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05/13/97 WILLIAM BURSE v. CR INDUSTRIES

APPELLATE COURT OF ILLINOIS, SECOND DISTRICT


May 13, 1997

WILLIAM BURSE, PLAINTIFF-APPELLANT,
v.
CR INDUSTRIES, INC.; CR INVESTMENTS, INC.; AND CHICAGO RAWHIDE MANUFACTURING COMPANY, DEFENDANTS-APPELLEES.

Appeal from the Circuit Court of Kane County. No. 92--LKA--0080. Honorable R. Peter Grometer, Judge, Presiding.

Released for Publication June 17, 1997.

Presiding Justice Geiger delivered the opinion of the court. Colwell and Thomas, JJ., concur.

The opinion of the court was delivered by: Geiger

PRESIDING JUSTICE GEIGER delivered the opinion of the court:

The plaintiff, William Burse, appeals from the May 13, 1996, order of the circuit court of Kane County denying his motion to reconsider an earlier order granting summary judgment on behalf of the defendants, CR Industries, Inc., CR Investments, Inc., and Chicago Rawhide Manufacturing Company (collectively referred to as Chicago Rawhide). In granting summary judgment, the trial court found that Chicago Rawhide owed no duty to the plaintiff as a matter of law. We affirm.

The facts necessary to the disposition of this appeal are as follows. In February 1990, the plaintiff was a truck driver employed by Wheeling Transportation (Wheeling). Wheeling had contracted for the exclusive right to haul Chicago Rawhide's goods and freight. The plaintiff's primary job responsibility was to haul Chicago Rawhide's freight from Chicago Rawhide's plant in Elgin to locations in Oklahoma, Ohio, Toronto, North Carolina, South Carolina, South Dakota, and Illinois.

Under the written transportation agreement between Wheeling and Chicago Rawhide, Wheeling's transportation services were described as those of an independent contractor. The agreement provided that Wheeling would furnish drivers and tractors to Chicago Rawhide for the purpose of shipping its goods to various destinations. The agreement further provided that Chicago Rawhide would load and unload the goods from the trailer at the points of pick up and delivery.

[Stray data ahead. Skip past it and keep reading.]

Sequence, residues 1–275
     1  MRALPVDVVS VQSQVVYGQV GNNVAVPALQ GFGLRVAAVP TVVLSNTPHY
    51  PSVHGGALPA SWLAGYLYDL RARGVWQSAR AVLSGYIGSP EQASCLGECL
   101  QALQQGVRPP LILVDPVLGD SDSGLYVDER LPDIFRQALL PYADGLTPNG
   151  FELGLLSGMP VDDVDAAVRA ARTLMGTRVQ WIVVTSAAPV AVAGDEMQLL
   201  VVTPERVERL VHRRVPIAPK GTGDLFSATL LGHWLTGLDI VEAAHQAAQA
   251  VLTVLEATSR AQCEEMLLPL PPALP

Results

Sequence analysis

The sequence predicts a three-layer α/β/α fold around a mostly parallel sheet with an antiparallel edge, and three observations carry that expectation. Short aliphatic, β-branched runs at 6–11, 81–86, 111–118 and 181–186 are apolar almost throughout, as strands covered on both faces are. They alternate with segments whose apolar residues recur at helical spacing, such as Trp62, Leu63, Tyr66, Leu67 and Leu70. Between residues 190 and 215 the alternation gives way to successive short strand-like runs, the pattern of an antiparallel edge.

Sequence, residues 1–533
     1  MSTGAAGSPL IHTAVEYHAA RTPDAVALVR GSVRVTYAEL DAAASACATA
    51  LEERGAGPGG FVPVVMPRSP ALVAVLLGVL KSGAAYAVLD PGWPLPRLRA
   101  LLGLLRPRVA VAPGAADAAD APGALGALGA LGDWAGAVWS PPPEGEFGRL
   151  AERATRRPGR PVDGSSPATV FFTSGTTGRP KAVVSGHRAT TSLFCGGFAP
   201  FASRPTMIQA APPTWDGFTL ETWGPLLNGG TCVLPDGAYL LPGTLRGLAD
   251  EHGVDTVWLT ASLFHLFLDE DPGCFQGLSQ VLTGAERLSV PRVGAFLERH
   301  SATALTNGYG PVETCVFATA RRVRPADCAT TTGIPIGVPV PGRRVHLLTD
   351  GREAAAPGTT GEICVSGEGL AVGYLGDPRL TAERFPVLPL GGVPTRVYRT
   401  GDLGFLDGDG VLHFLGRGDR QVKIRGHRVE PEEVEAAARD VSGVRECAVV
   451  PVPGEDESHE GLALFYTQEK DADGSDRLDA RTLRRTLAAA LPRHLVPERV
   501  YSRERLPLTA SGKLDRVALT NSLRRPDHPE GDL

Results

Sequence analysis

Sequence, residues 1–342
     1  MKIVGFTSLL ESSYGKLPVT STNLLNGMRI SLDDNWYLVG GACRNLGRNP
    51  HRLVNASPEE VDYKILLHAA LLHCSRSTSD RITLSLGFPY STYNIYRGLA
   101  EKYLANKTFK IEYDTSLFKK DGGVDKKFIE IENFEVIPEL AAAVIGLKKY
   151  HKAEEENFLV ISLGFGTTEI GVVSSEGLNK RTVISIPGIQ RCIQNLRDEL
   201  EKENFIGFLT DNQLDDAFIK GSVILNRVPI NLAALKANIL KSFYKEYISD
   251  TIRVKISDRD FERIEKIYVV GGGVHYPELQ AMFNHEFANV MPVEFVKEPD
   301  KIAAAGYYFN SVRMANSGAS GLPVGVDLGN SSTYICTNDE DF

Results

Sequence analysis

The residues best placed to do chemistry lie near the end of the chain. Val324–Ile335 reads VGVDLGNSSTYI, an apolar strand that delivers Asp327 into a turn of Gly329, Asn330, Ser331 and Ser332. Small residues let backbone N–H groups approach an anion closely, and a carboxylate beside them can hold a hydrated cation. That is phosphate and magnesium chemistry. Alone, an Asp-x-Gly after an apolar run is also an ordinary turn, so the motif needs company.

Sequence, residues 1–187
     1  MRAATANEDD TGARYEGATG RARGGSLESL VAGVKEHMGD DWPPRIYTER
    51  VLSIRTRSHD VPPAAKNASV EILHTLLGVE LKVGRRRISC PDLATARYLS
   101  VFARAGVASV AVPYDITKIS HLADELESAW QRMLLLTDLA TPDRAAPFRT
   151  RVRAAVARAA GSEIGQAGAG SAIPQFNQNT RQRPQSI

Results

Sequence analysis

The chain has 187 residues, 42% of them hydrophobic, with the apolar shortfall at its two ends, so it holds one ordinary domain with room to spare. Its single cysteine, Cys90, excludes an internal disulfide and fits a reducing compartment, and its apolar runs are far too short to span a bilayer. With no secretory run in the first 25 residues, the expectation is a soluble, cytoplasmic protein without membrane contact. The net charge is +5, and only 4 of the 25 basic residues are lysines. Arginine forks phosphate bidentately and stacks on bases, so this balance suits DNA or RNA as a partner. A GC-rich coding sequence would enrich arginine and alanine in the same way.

On February 5, 1990, Wheeling's dispatcher instructed the plaintiff to pick up a Wheeling tractor and go to Chicago Rawhide's Elgin plant. Once at the plant, the plaintiff was to tarp a load of steel pallet racks and to haul the load to Toronto. Tarping is a process in which a tarp is rolled over the load and secured at all sides. Although Chicago Rawhide was responsible for determining whether a load was to be tarped, Wheeling was responsible for performing the actual tarping. The plaintiff had tarped and hauled steel for Chicago Rawhide on numerous prior occasions and was familiar with the operation of the Elgin plant and yard. The plaintiff understood that Chicago Rawhide employees were forbidden to provide assistance in the tarping of any loads.

After the plaintiff arrived at the yard, he hooked his tractor to a Chicago Rawhide flatbed trailer that had already been loaded with steel. He then backed the truck into the loading bay of the receiving dock, so that he could have a place to stand while tarping the load. The dock, however, was not of a sufficient height for the plaintiff to reach the top of the load; the dock was 3 feet above the ground, while the top of the load was 13 feet above the ground. Due to this height difference, the plaintiff encountered difficulty in tarping the load.

After making several unsuccessful attempts at tarping the load, the plaintiff went to speak with Orley Cain, who was Chicago Rawhide's traffic manager. The plaintiff told Cain that the load was very high for a flatbed trailer and that there was no suitable platform or other place for tarping. He asked Cain whether it would be necessary to tarp the load before leaving the yard. Cain replied that the load had to be tarped and that, if the plaintiff needed help he should contact Wheeling.

Two other Wheeling drivers, who happened to be at the Elgin plant at the time, assisted the plaintiff with the tarping procedure for 15 or 20 minutes. Even with this assistance, however, the plaintiff was only able to tarp a small portion of the load. After the other drivers departed, the plaintiff contacted Wheeling's dispatcher and explained that it was almost impossible to tarp the load. The dispatcher told the plaintiff to "do the best you can."

At no time did the plaintiff ask Cain or any other Chicago Rawhide employee for assistance in tarping the load. Nor did he ever request any type of support device or equipment from Chicago Rawhide. The plaintiff did not make such requests because it was his understanding that Wheeling personnel were to "keep a low profile" and were not to bother Chicago Rawhide personnel. Wheeling had instructed the plaintiff to keep Chicago Rawhide happy "or else you walk."